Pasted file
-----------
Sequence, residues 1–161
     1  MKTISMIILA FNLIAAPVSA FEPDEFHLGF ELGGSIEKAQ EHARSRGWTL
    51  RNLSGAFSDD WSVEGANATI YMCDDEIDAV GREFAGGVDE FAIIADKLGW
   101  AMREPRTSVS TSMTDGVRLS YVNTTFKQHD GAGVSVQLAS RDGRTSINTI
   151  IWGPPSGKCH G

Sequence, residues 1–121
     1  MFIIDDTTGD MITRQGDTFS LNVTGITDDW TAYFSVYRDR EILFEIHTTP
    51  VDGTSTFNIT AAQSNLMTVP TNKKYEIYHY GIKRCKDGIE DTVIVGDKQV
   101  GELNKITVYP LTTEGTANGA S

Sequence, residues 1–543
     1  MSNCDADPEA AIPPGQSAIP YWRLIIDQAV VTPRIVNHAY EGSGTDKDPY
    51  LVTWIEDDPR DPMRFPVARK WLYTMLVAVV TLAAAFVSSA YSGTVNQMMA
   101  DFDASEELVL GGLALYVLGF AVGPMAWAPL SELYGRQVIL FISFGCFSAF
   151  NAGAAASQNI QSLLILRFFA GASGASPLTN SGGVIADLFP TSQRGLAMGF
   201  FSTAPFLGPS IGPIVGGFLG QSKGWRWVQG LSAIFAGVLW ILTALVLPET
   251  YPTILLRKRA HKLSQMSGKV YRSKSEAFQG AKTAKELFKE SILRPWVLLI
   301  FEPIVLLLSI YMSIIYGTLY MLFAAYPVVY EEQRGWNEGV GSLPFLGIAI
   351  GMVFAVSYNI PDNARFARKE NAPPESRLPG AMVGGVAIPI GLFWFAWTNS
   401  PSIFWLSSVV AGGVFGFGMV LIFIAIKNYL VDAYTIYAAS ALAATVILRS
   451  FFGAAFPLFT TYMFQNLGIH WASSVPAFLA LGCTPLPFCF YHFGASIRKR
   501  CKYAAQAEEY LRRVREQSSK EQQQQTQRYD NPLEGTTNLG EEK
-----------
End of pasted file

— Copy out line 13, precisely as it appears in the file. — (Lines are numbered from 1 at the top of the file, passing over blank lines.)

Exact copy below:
   101  DFDASEELVL GGLALYVLGF AVGPMAWAPL SELYGRQVIL FISFGCFSAF